With the 2020 presidential election nearing, the legalization of cannabis could become a hot topic. Will Sanders or Trump handle it better?
Bernie Sanders’s campaign
Democratic candidates are united on marijuana’s legalization, with Bernie Sanders being one of its staunchest supporters. When Sanders ran for Democratic nomination in 2016, he became the first major presidential nominee to support cannabis legalization. The year prior, he had introduced the Ending Federal Marijuana Prohibition Act to remove cannabis from Schedule I of the Controlled Substances Act. This year, he co-sponsored the Marijuana Freedom and Opportunity Act, aiming to decriminalize cannabis at the federal level.
On August 18, Sanders tweeted, “We must legalize marijuana nationally, expunge past marijuana convictions and ensure revenue from legal marijuana is reinvested in the communities most impacted by the failed War on Drugs.” This stand on the decriminalization of cannabis may appeal to African-Americans and Latinos, who are most impacted by marijuana laws. Along with Sanders, Kamala Harris, Joe Biden, Pete Buttigieg, and Andrew Yang support the legalization of cannabis.
Donald Trump’s campaign
Although Donald Trump is vocal on many issues, he has not shared his views on cannabis legalization. However, some believe that could change as we get closer to the election. As reported by The GrowthOp, Piper Jaffray analyst Michael Lavery expects Trump to make cannabis legalization a vital election issue to win over young voters. In a conference on cannabis policy, Lavery stated, “By supporting cannabis, Trump may be able to incrementally broaden his appeal with swing voters without alienating his base.”
US-China trade tensions have affected US farmers. Tariffs on agricultural products, such as soybeans, tobacco, and cotton, have dragged down exports and US farm income. This crisis has impacted views on Trump in the farming community. On August 23, AgWeb reported that farmers’ support for Trump had declined.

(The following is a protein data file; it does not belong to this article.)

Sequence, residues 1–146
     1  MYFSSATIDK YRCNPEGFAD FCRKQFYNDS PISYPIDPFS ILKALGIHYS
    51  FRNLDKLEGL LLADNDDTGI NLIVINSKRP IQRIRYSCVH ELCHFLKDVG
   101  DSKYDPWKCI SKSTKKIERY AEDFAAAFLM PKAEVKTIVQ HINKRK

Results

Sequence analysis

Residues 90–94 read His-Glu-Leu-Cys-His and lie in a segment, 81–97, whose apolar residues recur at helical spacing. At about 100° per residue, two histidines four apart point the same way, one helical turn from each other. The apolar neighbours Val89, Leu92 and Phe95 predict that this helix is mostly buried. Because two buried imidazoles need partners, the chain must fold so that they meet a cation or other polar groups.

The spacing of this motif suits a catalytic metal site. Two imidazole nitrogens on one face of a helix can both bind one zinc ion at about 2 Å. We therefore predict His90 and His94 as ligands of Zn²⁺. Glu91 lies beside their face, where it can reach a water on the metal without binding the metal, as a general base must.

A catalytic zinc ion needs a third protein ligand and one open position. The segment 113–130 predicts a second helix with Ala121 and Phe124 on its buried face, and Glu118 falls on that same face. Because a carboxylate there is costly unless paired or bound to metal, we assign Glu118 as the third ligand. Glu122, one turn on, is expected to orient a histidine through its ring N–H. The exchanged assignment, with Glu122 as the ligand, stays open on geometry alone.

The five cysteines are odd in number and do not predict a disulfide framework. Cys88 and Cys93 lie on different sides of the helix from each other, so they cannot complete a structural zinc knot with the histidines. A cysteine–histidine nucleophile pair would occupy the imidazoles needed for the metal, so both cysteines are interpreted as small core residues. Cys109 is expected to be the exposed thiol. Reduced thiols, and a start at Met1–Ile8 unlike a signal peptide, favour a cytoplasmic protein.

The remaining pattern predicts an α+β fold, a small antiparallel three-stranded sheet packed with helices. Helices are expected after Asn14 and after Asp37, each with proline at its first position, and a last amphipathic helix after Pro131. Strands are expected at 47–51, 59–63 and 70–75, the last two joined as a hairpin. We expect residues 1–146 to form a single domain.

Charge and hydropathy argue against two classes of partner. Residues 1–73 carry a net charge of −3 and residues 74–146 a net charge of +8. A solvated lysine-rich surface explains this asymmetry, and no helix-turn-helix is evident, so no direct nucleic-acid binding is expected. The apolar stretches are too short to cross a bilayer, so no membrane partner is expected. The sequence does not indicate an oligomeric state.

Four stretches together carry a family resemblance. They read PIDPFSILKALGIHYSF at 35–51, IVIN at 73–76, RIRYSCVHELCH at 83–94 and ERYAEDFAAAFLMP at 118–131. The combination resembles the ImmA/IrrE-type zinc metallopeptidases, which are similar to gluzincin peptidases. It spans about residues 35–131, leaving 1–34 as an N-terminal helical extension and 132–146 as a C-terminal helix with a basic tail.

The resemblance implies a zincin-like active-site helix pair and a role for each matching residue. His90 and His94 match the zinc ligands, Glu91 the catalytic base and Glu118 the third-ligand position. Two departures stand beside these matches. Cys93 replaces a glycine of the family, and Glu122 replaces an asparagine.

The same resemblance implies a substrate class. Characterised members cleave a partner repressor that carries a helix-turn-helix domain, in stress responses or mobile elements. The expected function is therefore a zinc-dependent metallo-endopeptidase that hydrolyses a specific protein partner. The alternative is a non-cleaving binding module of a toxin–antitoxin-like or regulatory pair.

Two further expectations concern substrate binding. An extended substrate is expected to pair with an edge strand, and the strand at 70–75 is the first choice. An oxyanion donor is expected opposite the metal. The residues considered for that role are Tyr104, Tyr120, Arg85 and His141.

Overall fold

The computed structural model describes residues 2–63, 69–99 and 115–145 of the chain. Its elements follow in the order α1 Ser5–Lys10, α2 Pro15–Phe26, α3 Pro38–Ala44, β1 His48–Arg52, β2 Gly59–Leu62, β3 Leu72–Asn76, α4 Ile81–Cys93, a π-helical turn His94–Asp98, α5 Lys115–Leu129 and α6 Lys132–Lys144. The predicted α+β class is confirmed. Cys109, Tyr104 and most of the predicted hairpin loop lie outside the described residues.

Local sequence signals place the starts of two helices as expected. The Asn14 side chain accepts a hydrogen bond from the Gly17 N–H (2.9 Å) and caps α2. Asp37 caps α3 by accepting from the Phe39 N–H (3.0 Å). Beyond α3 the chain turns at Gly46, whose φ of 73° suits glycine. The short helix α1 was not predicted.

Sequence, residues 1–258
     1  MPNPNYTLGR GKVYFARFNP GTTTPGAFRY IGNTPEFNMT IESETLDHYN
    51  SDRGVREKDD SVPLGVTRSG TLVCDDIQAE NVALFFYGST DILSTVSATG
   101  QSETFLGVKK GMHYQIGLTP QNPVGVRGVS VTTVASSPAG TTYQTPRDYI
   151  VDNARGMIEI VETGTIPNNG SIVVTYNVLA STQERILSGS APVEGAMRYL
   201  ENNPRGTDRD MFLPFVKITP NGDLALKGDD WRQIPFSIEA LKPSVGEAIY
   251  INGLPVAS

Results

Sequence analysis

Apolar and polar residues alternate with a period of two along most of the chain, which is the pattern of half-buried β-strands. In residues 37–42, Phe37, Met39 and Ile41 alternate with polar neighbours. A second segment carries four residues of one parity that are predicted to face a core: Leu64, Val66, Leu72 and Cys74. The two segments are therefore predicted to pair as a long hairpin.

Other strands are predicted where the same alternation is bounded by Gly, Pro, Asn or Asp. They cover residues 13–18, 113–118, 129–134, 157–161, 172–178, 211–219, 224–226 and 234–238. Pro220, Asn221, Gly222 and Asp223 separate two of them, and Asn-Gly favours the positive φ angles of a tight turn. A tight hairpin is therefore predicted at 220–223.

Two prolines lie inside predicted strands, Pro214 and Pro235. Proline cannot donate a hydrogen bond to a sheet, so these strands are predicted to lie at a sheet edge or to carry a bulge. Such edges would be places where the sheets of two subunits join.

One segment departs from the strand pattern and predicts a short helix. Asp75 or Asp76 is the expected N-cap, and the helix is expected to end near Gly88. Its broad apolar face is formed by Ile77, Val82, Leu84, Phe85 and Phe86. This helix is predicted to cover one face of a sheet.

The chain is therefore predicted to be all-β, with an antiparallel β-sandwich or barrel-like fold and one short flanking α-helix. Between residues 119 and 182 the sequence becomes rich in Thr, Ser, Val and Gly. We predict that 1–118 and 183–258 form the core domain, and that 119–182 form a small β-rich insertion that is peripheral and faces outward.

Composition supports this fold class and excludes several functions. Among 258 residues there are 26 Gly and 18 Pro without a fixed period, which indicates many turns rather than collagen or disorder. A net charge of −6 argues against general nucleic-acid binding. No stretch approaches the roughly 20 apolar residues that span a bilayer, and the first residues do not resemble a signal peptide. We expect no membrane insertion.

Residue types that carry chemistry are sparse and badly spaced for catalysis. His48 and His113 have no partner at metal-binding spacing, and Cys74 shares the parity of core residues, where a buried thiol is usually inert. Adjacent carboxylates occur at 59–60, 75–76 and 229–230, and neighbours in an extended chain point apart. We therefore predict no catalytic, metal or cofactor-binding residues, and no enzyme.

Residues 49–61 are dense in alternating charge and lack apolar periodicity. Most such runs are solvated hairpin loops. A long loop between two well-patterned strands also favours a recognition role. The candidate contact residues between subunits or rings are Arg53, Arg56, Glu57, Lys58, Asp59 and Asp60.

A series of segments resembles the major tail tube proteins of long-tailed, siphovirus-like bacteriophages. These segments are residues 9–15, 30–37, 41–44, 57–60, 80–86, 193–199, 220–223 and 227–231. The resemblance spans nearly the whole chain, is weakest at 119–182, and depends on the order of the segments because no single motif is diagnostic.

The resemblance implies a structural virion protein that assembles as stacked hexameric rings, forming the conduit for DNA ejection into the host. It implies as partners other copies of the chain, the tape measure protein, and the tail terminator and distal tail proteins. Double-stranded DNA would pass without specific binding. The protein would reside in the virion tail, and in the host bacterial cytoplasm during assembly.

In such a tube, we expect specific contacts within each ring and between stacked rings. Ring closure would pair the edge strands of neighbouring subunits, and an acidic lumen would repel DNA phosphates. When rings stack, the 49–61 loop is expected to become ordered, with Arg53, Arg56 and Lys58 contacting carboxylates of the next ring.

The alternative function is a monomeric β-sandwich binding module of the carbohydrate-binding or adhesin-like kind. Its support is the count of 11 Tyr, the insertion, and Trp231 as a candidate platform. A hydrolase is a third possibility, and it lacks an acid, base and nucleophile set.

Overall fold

Could Trump advocate cannabis’s legalization to win back farmers’ support? Possibly—the legalization of hemp has come to their rescue amid trade tensions.
Importance of cannabis legalization
In June, Arcview Market Research and BDS Analytics reported that regulated US dispensaries’ total cannabis sales stood at $9.8 billion last year. By 2024, the research companies expect cannabis sales to grow 20% compounded annually to reach $30 billion.
Legalizing cannabis could generate billions in tax revenue, which could be used to help small farmers and businesses affected by the trade war. Also, cannabis’s legalization could grow farm income and create new jobs. On June 8, the New York Post reported that the cannabis business could generate 175,000–215,000 full-time jobs this year.
A pro-legalization stance by either side could also gain support from Millennials, who are often considered to be more open to marijuana. In 2017, Millennials comprised the largest part of the US workforce.
Performance of the cannabis sector this year
Hit by several regulatory scandals, the cannabis sector has underperformed broader equity markets. The S&P 500 has increased by 14.5% this year, while the Horizons Marijuana Life Sciences Index ETF and ETFMG Alternative Harvest ETF have fallen by 2.9% and 4.6%, respectively. Whereas Aphria (APHA) has returned 1.5%, Canopy Growth (WEED) (CGC) and Tilray (TLRY) have fallen by 14.8% and 62.4%.
On August 1, Aphria reported stellar fiscal 2019 fourth-quarter results, beating analysts’ top- and bottom-line expectations. The company has initiated several strategies to capture the growing cannabis market. Aphria stock has risen by 15.5% since the earnings announcement.
Meanwhile, Canopy Growth reported dismal fiscal 2020 first-quarter results on August 14, missing analysts’ forecast by a large margin. Since the earnings release, many analysts have lowered their price targets for Canopy, and its stock has fallen 26.8%. However, Canopy ex-CEO Bruce Linton is optimistic about the company’s strategy. And on August 26, Seaport Global Securities upgraded Canopy stock to “buy” from “neutral.”
On August 13, Tilray reported its second-quarter results, beating analysts’ revenue forecast. However, its net loss was larger than analysts had expected. As a result, its stock has fallen 42.4% since the earnings announcement.